Just one day before the accident, lower-floor shops were closed due to identified structural cracks, acknowledging the imminent danger. However, the upper-floor owners of the garment factory failed to warn employees who were called in for work the following day. As a result, many workers were trapped under the rubble and machinery, enduring hours of suffering while awaiting rescue.

Such events are not isolated incidents. In December 2019, a fire at an illegal sweatshop factory in Delhi, India claimed the lives of 43 people. The building operated without a fire license, yet these episodes of tragedy and exploitation have been consistently overlooked, perpetuating the negligence of fashion companies.

Change in the Face of Adversity

  • Consumer Responsibility

In response, young people have matters into their own hands by embracing sustainable alternatives to fast fashion. One such alternative is purchasing second-hand clothing from thrift stores or online platforms like Depop. Depop has emerged as a popular online fashion marketplace, catering to shoppers of all ages, where new and used clothing can be bought and sold at more affordable prices compared to traditional retail stores.

The resurgence of interest in vintage clothing has played a significant role in this shift towards second-hand fashion. Many individuals are now opting for pre-owned garments, recognizing the environmental benefits of giving these items a second life.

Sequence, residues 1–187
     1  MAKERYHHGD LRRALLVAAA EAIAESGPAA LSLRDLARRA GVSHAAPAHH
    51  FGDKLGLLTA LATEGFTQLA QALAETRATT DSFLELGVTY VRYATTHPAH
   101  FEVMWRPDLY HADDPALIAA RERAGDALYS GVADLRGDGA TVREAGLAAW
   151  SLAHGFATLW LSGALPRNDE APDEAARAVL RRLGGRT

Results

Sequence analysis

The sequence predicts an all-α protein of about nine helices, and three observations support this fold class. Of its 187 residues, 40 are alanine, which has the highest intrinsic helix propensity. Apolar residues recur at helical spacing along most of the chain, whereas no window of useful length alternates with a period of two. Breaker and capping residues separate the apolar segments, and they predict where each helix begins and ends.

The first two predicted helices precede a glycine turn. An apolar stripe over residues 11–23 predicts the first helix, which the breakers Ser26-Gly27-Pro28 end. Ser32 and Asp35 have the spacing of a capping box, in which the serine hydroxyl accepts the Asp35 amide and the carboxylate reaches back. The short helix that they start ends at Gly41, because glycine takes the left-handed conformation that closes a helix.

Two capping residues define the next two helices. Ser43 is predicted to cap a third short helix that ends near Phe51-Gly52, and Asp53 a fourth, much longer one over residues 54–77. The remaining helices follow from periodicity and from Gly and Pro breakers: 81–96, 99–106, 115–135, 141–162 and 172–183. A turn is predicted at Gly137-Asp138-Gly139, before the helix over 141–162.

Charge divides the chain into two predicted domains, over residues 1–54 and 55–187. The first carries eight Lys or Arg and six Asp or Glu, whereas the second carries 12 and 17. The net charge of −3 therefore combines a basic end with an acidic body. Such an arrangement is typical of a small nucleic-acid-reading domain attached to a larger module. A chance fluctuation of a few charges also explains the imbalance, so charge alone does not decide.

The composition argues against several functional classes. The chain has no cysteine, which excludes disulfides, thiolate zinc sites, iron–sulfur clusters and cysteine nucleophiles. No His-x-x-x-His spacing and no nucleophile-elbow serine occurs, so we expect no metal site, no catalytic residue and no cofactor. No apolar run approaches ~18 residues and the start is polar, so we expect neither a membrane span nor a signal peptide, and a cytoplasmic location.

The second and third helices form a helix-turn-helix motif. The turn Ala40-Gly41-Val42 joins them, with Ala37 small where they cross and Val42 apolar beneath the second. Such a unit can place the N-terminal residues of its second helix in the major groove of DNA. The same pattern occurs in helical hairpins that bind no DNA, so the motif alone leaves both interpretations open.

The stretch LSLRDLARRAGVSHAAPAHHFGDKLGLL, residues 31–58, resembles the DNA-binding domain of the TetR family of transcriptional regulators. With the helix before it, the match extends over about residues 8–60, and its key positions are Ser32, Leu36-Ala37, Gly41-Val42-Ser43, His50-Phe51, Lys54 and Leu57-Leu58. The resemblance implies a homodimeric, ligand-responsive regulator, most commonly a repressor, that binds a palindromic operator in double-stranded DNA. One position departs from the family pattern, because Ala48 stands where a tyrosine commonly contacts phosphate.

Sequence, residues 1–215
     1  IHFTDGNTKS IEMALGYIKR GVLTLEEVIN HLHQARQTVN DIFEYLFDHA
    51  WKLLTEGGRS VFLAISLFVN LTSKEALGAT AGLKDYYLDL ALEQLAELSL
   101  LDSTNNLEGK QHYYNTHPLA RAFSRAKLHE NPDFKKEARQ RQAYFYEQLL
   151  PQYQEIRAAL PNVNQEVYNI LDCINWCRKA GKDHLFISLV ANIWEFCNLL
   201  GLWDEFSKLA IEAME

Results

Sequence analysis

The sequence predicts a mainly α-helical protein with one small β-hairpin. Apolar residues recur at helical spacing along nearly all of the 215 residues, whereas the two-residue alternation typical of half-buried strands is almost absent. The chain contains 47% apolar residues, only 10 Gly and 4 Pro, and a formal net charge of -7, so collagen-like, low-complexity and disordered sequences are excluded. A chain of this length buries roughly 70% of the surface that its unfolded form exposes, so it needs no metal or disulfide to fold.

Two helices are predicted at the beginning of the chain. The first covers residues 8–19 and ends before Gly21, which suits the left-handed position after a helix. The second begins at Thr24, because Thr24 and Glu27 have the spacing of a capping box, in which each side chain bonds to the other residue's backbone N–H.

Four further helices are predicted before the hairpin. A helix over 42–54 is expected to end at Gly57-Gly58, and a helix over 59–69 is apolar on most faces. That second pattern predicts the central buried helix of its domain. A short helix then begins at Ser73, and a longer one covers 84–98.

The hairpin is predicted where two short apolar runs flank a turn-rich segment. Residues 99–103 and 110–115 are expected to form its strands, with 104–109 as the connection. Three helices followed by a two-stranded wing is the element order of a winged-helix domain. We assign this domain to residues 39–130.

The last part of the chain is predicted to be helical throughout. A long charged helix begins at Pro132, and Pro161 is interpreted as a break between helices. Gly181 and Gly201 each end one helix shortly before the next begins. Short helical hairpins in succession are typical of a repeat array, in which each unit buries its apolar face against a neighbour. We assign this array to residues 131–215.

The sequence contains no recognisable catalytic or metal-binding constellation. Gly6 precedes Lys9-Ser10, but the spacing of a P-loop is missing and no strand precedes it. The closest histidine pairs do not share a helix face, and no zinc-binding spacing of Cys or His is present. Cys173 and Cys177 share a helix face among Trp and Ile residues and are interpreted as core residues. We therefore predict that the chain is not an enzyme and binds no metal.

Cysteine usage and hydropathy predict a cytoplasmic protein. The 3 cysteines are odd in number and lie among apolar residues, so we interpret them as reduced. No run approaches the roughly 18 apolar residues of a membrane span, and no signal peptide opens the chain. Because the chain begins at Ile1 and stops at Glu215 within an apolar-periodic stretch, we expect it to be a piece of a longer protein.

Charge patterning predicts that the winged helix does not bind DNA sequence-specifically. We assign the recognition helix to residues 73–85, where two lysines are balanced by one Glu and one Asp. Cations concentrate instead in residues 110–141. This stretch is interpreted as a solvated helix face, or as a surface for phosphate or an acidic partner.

Alongside this, another sustainable trend gaining traction is the practice of "upcycling" or refashioning discarded textiles into new, innovative pieces. By repurposing existing materials, individuals can save money while also reducing waste and conserving valuable resources.

  • Garment Schemes

The alarming revelations about the fast fashion industry have spurred brands to take responsibility for their environmental and social impact. As a result, several garment recovery initiatives have emerged, aiming to encourage recycling and reduce textile waste. Many brands, including H&M, Zara, MAC, and Adidas, have implemented recycling programs, providing recycling baskets in their stores. H&M, for instance, introduced its own scheme in 2013, incentivizing customers with financial rewards for every bag of clothes donated. These efforts reflect an attempt by fast fashion brands to address the concerns raised by critics.

  • Sustainable Fashion

In contrast, there are brands that have chosen a different path, dedicating themselves entirely to sustainable fashion practices. Sustainable fashion goes beyond just creating durable and long-lasting products; it encompasses considerations of the entire product lifecycle, from production to its environmental impact and adherence to human rights requirements.